Necropsy was performed, and multiple organ fragments were collected. Samples were fixed in 10% buffered formaldehyde, processed routinely for histological examination, and embedded into paraffin blocks. Sections of the organs were cut to 4 µm, and stained with hematoxylin and eosin (HE) and MT, and examined histologically.

Macroscopically, significant changes were noted in the abdomen, limbs, and face (Figure 1A). The main macroscopic change present in the calf was an enlarged fluid-filled abdomen (ascites). The face was slightly shortened. The ocular, oral, and anal mucous membranes were blue and interpreted as cyanosis. The four limbs had permanent hyperextension, in addition to swelling, interpreted as edema.

Figure 1 Congenital hepatic fibrosis in a Nellore calf. (A) Marked distention of the abdomen because of the accumulation of intrabdominal fluid (ascites). (B) Subcutaneous tissue of the right thoracic limb with marked diffuse edema, in addition to congestion. (C) Omentum infiltrated by large amount of liquid. (D) Cut surface of the omentum showing thickening because of the accumulation of reddish liquid. 

When cutting the skin, the subcutaneous tissue presented marked diffuse edema composed of reddish liquid (Figure 1B). In the peritoneum, a large amount of red and cloudy liquid was noted. This liquid was mainly accumulated in the middle of the omentum and mesentery (Figure 1C). Upon cutting, the omentum wall was markedly thickened because of liquid deposition (Figure 1D). There was also an abundance of free, yellowish fluid in the thoracic cavity and pericardial sac. The liver was enlarged and had rounded edges, with an irregular capsular surface, due to the presence of extensive firm areas, interpreted as fibrosis. The mesenteric and limb lymph nodes were enlarged because of the accumulation of fluid.

Microscopically extensive areas of fibrosis were noted in the liver, mainly in the periportal areas with bile duct proliferation (Figure 2A). The fibrosis extended to other portions of the lobes, completely dissecting the hepatic parenchyma (port-portal fibrosis), with the formation of bridges, as evidenced by the special MT staining (Figure 2B). Lymph nodes distended the subcapsular sinuses, interpreted as intense lymphatic drainage, in addition to parenchyma necrosis and extramedullary hematopoiesis. In the lung, many alveoli were completely filled with yellowish material and flaking cells (meconium).

Figure 2 Histopathological aspects of congenital hepatic fibrosis in the Nellore calf. (A) Liver showing extensive areas of fibrosis (asterisks), especially in the periportal area, with proliferation of malformed bile ducts (arrows), hematoxylin and eosin, 20× objective. (B) Extensive fibrosis of the liver parenchyma as evidenced by Masson’s trichrome staining, 10× objective.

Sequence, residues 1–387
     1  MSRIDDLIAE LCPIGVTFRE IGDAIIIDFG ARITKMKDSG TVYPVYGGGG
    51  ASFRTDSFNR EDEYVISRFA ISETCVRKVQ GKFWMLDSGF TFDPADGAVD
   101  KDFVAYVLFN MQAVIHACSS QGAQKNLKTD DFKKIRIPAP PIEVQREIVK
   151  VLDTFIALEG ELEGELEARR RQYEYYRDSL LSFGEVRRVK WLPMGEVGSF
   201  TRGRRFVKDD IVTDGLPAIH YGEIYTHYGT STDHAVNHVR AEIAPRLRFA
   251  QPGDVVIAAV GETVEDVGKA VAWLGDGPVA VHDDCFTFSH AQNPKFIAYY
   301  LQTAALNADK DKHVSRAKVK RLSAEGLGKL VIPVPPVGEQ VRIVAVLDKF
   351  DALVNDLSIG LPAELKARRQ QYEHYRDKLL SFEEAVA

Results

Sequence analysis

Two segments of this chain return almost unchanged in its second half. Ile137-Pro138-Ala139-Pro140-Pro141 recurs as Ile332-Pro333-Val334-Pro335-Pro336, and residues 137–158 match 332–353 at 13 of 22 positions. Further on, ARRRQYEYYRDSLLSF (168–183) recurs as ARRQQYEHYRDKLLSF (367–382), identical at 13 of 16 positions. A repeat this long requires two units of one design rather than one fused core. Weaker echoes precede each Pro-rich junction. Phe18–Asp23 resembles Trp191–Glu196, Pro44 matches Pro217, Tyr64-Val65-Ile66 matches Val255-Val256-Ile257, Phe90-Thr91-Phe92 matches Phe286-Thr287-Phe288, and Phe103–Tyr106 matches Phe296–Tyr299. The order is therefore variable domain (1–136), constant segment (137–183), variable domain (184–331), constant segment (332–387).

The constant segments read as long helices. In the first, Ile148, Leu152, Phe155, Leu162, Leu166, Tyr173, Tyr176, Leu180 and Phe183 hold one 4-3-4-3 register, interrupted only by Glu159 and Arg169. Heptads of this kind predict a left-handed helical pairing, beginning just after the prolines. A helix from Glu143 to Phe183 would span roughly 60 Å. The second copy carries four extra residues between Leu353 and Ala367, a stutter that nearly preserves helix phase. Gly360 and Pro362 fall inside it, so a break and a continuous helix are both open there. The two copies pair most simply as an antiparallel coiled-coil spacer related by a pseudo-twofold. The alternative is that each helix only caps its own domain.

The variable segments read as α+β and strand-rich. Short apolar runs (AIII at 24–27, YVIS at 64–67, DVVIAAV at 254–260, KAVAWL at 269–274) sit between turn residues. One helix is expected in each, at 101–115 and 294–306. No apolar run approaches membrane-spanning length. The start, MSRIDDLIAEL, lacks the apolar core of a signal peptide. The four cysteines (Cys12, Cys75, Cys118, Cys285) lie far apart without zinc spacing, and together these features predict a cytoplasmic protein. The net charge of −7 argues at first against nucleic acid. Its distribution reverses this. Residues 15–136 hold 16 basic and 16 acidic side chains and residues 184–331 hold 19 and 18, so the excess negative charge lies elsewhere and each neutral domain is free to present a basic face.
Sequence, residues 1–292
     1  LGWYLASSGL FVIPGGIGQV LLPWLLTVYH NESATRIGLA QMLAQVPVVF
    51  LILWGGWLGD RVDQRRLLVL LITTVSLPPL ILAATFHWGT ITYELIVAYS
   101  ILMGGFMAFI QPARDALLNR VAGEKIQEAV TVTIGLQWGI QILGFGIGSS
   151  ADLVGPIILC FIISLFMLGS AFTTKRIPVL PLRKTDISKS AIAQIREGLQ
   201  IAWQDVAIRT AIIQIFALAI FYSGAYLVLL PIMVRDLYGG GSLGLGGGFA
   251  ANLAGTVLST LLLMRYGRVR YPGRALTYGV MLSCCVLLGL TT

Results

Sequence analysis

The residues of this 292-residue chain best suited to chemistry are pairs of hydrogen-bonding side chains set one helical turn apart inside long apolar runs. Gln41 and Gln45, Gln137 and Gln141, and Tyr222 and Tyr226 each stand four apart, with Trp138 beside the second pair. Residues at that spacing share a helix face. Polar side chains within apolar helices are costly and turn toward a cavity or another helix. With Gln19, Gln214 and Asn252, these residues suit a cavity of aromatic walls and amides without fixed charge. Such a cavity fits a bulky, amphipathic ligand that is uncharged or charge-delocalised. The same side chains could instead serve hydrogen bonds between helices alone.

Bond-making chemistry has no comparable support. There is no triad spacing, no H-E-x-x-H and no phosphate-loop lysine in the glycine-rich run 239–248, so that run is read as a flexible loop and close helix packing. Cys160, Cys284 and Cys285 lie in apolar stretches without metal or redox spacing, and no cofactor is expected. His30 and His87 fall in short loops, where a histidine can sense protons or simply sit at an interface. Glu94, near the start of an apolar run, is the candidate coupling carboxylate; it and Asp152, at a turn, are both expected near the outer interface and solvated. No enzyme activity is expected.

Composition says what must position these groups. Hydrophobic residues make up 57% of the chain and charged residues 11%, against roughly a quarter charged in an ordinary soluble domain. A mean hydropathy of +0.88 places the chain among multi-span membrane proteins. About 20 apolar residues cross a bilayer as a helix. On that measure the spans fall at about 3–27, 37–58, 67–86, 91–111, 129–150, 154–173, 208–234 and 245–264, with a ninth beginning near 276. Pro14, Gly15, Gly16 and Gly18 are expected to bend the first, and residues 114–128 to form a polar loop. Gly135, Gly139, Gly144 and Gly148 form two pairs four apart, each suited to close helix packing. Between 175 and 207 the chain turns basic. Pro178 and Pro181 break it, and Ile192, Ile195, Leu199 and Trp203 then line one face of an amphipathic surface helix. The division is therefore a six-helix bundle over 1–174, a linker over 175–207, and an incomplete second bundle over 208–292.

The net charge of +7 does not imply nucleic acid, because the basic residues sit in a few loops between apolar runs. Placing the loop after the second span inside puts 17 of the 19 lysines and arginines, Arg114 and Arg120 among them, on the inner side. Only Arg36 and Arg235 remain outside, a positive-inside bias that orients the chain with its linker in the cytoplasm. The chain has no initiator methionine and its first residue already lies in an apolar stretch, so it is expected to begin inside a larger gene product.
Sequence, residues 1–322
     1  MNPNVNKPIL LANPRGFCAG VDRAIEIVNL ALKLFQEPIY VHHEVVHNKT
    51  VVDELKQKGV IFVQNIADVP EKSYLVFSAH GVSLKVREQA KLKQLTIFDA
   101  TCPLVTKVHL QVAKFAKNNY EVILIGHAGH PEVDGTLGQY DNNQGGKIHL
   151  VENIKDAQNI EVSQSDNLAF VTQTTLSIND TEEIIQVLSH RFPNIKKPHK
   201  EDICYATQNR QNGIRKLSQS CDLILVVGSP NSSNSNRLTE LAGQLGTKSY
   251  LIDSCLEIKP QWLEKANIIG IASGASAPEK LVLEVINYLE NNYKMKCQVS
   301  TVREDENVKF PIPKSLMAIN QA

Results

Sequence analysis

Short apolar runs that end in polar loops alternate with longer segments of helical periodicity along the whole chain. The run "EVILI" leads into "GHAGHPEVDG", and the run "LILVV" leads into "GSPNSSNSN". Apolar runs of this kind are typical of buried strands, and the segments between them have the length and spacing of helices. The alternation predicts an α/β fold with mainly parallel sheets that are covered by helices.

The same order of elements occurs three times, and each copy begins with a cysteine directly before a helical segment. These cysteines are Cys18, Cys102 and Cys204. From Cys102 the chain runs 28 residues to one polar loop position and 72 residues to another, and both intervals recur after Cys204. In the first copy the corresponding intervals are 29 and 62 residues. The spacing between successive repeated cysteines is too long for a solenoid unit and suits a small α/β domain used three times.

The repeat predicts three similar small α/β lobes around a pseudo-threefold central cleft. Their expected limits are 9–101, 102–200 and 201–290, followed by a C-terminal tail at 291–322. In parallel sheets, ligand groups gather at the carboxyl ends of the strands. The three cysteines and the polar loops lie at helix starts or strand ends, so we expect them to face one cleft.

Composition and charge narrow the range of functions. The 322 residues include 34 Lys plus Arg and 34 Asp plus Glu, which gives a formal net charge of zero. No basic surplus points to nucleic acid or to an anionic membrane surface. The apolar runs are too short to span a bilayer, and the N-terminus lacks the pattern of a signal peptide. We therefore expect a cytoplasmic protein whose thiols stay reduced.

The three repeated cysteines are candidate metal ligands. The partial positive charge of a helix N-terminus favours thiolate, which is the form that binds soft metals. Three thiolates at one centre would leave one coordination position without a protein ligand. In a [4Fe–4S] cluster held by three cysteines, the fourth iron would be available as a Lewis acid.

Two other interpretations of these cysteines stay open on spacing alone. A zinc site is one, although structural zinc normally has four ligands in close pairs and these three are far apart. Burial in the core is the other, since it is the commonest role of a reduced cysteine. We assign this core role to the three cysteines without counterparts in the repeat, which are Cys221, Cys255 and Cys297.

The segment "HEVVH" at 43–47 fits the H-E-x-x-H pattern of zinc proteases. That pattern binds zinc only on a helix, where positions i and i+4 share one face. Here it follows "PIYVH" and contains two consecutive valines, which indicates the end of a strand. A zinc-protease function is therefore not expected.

The diagnosis of congenital hepatic fibrosis syndrome in this stillborn calf was based on the characteristic changes of this condition, such as the large abdominal volume resulting from the abundant presence of fluid and liver fibrosis. Confirmation was made by histopathological evaluation and special MT staining, which allowed the evidence of intense periportal and port-portal fibrosis, associated with malformed bile ducts. This condition is rarely reported, and no previous report was reported in the Nellore breed. However, the literature associates this condition in other breeds with genetic disorders (TESTONI et al., 2009; BOURQUE et al., 2001).

The liver was large despite the extensive areas of parenchyma fibrosis, as evidenced by MT staining. Other authors have also reported this same aspect in calves with fibrosis of the liver and congenital ascites (BOURQUE et al., 2001; TESTONI et al., 2009). Unlike postnatal liver fibrosis, in which fibrosis invariably results in a reduced size liver (CULLEN & STALKER, 2016). This indicated that the liver disease seen in congenital fibrosis results from a liver malformation and not from fibrosis resulting from previous organ damage, as seen in toxic and metabolic diseases (CULLEN & STALKER, 2016). Therefore, in the present case, there is evidence that liver fibrosis was due to the failure of biliary tract development during fetal development.